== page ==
Seventh, the court made its scorn quite clear for the administration's Yoo theory of executive power because, as the court put it, "there are no hereditary kings in America and no powers not created by the Constitution." Citing Youngstown again, the court made clear that even in time of war, and even with regard to the President's Commander-in-Chief powers, the President is subject to constitutional restrictions -- a proposition long unquestioned in our system of government until the Bush administration began inventing radical theories of executive power.and Glenn Greenwald also tells us of the heroic Judge Diggs Taylor,
Finally, and really quite extraordinarily, the court (a) declared the NSA program to be in violation of FISA, the First Amendment and Fourth Amendment and (b) issued a permanent injunction enjoining the Bush administration from continuing to eavesdrop in violation of FISA.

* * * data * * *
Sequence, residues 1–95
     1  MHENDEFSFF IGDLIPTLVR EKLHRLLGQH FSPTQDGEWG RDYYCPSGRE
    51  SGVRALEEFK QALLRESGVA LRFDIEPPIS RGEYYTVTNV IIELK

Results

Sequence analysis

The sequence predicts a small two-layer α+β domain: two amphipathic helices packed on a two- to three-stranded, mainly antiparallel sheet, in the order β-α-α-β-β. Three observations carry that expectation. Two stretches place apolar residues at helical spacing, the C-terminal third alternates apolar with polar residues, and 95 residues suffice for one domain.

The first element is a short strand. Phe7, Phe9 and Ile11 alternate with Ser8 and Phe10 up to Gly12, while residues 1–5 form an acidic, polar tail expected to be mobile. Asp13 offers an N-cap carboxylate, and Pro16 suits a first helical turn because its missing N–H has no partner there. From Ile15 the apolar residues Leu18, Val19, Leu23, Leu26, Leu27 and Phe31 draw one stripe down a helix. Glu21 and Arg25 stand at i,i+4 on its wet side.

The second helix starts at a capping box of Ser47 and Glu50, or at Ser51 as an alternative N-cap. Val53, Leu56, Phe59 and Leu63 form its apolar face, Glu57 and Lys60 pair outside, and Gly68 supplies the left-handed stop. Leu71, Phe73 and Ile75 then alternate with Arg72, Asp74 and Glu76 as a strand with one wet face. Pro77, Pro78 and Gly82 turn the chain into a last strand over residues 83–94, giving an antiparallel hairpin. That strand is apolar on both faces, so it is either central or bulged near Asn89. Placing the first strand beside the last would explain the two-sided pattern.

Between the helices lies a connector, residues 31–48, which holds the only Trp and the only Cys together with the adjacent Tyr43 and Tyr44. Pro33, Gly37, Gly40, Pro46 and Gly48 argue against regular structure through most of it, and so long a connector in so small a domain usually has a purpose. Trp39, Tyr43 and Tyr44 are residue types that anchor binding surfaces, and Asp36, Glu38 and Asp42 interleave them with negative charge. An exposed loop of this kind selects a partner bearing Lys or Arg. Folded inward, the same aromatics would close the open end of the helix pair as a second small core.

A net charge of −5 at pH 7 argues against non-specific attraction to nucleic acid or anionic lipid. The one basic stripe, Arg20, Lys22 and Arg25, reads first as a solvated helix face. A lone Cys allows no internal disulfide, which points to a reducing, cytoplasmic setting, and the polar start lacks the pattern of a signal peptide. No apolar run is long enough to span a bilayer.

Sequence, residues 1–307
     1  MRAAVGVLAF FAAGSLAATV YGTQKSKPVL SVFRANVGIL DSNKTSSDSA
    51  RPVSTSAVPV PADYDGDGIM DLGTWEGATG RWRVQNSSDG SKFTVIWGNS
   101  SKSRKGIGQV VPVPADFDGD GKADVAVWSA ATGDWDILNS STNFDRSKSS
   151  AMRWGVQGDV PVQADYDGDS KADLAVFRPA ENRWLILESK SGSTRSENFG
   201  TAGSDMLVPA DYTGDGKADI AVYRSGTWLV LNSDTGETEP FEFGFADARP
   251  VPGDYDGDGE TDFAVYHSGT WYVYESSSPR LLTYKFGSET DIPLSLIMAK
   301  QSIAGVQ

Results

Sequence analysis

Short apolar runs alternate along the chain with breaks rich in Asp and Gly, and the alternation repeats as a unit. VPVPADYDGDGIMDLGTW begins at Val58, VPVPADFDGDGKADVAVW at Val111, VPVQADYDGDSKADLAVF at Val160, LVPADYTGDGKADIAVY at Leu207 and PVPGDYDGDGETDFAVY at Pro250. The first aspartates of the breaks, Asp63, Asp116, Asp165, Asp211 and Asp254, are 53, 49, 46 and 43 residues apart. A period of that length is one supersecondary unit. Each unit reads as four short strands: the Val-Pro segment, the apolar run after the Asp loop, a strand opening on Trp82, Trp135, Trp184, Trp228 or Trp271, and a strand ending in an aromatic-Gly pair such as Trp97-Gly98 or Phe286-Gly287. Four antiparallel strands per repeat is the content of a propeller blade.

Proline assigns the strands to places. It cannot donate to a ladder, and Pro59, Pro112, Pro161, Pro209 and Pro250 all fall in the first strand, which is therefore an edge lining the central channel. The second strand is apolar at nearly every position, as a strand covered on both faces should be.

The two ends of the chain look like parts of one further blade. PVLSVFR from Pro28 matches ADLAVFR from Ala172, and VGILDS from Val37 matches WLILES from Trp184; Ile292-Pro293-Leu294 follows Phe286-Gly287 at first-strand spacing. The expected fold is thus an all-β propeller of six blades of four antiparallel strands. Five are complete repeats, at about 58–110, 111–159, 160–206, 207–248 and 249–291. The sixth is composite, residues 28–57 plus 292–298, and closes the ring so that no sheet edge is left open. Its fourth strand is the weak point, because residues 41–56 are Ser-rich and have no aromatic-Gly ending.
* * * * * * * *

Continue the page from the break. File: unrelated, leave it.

brave author of this important opinion:
In 1979, Anna Diggs Taylor became the first black woman judge to be appointed to the United States District Court for the Eastern District of Michigan. Nineteen years later, she became the first black woman Chief Judge for that circuit as well.
Taylor had great difficulty obtaining her first job as an attorney for the Office of Solicitor for the U.S. Department of Labor, despite graduating form the prestigious Yale Law School in 1957. Very few opportunities existed for a black woman in law at this time. In 1961, Taylor relocated from the Washington D.C. area to Detroit, Michigan. Here she was involved in both public and private practice until her appointment to the U.S. District Court for the Eastern District of Michigan, on which she continues to serve. Taylor’s position has enabled her to open doors for other women and minorities to pursue and achieve their dreams. She strives for gender and racial equality in the law and currently serves on the Joint Steering Committee of the Gender and Racial Ethnic Fairness Task Forces for the Sixth Circuit.